Unemployment and health in the context of economic change

M. Harvey Brenner, Anne Mooney

Research output: Contribution to journalArticle

151 Citations (Scopus)

Abstract

Evidence relating unemployment to health is found at every level of social science analysis from national population rates to individual psychophysiological stress response. At the population level of analysis, increase in the unemployment rate indicates recession and/or structural economic decline. At the individual level, unemployment is interpreted as a stressful life event. In both cases, inverse associations are found between measures of unemployment and indicators of health. We identify social science literatures associating health indicators with each of the following: economic growth, socioeconomic status, sociocultural change, economic instability, the status of being unemployed, social stress and work stress. Outstanding research issues include the requirements to identify and measure the effects of conditional factors and control variables in multivariate analysis and to examine a broader range of both severity of unemployment and severity of health outcomes. A research agenda proposes studies at the macro, meso and micro levels of analysis. We urge such research for its potential contribution both to analytic social science and to economic and social policy.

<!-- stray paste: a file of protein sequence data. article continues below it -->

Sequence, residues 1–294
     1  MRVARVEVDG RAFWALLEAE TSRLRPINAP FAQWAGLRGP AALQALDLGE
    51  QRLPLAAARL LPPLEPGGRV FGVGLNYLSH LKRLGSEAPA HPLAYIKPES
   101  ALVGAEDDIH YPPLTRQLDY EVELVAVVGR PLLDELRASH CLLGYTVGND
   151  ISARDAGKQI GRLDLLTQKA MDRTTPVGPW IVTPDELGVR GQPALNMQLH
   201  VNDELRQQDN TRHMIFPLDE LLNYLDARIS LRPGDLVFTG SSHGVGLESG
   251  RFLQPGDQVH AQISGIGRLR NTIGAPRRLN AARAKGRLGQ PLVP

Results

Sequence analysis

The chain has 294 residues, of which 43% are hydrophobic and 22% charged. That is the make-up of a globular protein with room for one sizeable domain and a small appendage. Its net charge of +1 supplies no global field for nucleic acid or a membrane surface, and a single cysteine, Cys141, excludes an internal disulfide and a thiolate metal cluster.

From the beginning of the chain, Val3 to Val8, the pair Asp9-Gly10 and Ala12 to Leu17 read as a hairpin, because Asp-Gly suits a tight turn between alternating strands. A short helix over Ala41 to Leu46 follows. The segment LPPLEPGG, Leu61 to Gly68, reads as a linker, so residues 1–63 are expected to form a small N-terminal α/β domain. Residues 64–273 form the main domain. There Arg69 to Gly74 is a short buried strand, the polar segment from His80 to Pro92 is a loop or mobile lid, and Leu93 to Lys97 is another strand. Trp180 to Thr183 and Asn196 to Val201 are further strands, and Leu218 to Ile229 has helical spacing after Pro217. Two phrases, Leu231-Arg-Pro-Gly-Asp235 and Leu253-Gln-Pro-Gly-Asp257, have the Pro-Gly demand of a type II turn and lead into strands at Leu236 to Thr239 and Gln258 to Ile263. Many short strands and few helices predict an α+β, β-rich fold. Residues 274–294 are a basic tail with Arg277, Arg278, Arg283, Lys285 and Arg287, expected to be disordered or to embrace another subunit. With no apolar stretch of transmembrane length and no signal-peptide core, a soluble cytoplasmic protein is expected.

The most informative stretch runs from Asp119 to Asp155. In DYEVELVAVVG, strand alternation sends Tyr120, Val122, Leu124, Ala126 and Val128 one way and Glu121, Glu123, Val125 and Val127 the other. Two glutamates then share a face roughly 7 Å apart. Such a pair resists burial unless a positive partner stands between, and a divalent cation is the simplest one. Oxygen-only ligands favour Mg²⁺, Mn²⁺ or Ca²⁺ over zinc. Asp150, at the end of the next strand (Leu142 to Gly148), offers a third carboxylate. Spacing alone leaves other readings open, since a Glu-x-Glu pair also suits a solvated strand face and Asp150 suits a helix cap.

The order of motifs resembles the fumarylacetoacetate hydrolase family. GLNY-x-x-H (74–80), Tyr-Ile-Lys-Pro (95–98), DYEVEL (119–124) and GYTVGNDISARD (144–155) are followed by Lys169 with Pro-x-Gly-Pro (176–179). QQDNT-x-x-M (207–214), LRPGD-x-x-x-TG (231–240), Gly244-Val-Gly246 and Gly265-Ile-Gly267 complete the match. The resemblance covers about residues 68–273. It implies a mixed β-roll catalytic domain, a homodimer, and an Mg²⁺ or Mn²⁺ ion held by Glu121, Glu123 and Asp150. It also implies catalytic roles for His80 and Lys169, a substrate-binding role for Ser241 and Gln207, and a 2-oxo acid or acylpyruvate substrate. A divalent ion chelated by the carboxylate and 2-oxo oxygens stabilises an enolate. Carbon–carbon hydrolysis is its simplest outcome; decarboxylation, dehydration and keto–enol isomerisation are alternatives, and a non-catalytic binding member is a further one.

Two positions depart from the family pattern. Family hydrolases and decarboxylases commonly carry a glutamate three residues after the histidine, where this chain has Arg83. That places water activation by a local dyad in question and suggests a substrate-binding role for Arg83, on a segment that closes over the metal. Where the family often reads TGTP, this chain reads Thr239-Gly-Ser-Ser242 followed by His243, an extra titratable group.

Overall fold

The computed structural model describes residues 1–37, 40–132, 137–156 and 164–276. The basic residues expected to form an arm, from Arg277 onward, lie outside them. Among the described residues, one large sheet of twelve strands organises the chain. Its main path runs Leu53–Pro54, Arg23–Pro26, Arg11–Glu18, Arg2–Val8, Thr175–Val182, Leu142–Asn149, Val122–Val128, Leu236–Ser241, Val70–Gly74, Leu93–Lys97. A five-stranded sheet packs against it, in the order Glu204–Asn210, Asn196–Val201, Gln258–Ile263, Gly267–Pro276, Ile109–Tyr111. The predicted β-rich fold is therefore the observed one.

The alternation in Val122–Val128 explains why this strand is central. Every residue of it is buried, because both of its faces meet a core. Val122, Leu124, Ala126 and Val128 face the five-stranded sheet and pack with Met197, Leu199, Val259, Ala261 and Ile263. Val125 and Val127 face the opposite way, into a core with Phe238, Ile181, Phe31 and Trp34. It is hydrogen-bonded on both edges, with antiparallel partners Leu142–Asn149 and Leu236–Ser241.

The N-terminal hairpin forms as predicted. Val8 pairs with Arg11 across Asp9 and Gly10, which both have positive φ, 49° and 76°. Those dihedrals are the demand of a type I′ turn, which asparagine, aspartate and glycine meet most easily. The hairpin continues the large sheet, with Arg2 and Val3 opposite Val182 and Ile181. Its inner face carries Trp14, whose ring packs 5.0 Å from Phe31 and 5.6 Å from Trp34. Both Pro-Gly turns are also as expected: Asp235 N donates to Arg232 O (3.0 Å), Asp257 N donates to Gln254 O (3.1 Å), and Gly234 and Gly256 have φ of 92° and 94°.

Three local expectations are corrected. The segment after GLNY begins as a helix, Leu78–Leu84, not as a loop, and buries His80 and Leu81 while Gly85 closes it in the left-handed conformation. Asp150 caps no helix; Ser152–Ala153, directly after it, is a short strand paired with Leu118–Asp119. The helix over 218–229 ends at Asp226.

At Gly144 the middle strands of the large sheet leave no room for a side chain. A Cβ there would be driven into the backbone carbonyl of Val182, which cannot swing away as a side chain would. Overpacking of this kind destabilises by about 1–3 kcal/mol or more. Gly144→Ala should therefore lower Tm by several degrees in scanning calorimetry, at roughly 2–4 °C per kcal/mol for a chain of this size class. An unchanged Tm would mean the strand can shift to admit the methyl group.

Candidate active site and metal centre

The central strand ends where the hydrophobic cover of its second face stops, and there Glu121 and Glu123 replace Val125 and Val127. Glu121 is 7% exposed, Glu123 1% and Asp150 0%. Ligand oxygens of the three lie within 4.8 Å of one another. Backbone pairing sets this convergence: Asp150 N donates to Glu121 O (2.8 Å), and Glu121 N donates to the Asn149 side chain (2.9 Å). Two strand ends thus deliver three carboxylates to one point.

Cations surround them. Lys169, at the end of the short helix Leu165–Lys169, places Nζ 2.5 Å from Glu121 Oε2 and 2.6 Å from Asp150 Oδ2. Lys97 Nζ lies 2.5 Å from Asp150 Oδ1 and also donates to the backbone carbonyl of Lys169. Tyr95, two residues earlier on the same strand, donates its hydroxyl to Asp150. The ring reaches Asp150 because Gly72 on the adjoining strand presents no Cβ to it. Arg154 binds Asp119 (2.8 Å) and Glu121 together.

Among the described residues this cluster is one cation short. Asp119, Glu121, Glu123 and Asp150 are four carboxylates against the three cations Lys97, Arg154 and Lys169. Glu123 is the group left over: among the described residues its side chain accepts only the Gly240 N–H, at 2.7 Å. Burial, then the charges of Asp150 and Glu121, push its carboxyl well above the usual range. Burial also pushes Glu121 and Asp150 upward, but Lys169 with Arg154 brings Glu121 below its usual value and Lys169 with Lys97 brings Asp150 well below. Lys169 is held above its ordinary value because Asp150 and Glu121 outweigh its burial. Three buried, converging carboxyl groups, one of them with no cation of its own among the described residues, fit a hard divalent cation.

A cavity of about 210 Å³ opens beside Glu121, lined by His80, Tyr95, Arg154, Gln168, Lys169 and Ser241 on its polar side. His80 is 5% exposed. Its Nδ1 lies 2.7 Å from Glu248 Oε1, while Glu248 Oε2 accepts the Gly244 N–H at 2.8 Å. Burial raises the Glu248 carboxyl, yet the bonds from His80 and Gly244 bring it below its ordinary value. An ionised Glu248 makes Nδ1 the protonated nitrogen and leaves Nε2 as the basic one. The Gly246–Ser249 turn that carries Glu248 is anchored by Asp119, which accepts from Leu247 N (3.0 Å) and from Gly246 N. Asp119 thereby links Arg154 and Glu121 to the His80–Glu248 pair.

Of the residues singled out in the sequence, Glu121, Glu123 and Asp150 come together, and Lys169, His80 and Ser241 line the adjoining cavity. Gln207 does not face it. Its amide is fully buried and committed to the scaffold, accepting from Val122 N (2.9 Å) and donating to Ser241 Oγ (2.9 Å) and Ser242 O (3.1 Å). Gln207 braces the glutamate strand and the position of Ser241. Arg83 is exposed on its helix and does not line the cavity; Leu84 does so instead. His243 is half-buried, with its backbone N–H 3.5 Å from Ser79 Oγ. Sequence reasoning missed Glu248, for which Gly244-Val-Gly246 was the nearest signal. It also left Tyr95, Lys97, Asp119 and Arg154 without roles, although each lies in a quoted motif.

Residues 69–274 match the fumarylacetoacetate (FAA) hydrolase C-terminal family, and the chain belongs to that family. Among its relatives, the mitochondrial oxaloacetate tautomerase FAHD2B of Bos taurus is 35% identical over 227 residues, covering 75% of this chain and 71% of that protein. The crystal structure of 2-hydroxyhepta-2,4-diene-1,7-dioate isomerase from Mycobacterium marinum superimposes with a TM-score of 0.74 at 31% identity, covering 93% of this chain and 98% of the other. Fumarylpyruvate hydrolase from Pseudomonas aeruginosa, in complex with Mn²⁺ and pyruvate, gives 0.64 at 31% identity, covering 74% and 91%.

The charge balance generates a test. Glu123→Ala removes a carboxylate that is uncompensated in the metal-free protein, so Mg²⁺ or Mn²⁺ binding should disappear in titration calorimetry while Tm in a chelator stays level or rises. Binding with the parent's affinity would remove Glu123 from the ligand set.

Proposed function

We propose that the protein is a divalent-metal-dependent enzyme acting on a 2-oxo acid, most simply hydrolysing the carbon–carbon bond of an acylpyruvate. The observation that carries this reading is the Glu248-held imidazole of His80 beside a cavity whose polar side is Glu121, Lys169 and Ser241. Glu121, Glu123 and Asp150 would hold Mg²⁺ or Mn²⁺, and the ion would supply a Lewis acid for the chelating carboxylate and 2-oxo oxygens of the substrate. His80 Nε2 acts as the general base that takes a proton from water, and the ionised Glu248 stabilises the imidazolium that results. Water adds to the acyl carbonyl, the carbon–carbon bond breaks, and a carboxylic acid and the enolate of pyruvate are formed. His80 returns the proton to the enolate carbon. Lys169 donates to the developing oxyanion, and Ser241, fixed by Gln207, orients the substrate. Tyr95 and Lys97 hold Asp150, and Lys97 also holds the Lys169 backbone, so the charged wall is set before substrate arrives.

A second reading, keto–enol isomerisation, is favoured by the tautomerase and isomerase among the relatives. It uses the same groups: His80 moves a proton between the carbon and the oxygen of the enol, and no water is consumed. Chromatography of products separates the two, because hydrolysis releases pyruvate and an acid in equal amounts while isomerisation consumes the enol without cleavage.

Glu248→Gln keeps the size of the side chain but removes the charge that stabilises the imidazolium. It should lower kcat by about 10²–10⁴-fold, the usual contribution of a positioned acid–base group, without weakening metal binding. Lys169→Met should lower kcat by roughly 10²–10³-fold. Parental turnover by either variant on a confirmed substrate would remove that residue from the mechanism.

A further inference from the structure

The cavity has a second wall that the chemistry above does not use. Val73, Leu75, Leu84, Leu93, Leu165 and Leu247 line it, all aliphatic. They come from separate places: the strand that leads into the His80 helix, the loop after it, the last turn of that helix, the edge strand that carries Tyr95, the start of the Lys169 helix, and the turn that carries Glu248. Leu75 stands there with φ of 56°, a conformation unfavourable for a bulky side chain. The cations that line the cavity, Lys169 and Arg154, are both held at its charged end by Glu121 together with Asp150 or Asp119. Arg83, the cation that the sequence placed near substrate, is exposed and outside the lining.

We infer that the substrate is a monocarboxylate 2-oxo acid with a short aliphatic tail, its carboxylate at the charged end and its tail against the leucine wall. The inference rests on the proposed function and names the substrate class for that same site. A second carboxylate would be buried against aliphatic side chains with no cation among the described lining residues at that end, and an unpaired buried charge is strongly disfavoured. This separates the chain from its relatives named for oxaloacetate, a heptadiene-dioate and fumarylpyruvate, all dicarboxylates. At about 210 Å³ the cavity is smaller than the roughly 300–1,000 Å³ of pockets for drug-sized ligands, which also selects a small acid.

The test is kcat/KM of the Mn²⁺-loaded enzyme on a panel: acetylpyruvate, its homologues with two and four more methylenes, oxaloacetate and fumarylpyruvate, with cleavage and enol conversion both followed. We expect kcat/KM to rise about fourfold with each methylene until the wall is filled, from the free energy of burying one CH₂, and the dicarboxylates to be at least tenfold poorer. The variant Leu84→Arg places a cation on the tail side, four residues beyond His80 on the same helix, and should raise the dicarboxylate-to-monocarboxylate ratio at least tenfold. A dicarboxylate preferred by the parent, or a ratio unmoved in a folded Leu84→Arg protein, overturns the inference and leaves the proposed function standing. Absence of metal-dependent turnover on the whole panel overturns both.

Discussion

Original languageEnglish
Pages (from-to)1125-1138
Number of pages14
JournalSocial Science and Medicine
Volume17
Issue number16
DOIs
StatePublished - 1 Jan 1983

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Unemployment
economic change
unemployment
Economics
Social Sciences
social science
Health
health
sociocultural development
meso level
Research
demographic situation
unemployment rate
macro level
micro level
recession
multivariate analysis
Economic Policy
Economic Development
economics

Cite this

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title = "Unemployment and health in the context of economic change",
abstract = "Evidence relating unemployment to health is found at every level of social science analysis from national population rates to individual psychophysiological stress response. At the population level of analysis, increase in the unemployment rate indicates recession and/or structural economic decline. At the individual level, unemployment is interpreted as a stressful life event. In both cases, inverse associations are found between measures of unemployment and indicators of health. We identify social science literatures associating health indicators with each of the following: economic growth, socioeconomic status, sociocultural change, economic instability, the status of being unemployed, social stress and work stress. Outstanding research issues include the requirements to identify and measure the effects of conditional factors and control variables in multivariate analysis and to examine a broader range of both severity of unemployment and severity of health outcomes. A research agenda proposes studies at the macro, meso and micro levels of analysis. We urge such research for its potential contribution both to analytic social science and to economic and social policy.",
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Unemployment and health in the context of economic change. / Brenner, M. Harvey; Mooney, Anne.

In: Social Science and Medicine, Vol. 17, No. 16, 01.01.1983, p. 1125-1138.

Research output: Contribution to journalArticle

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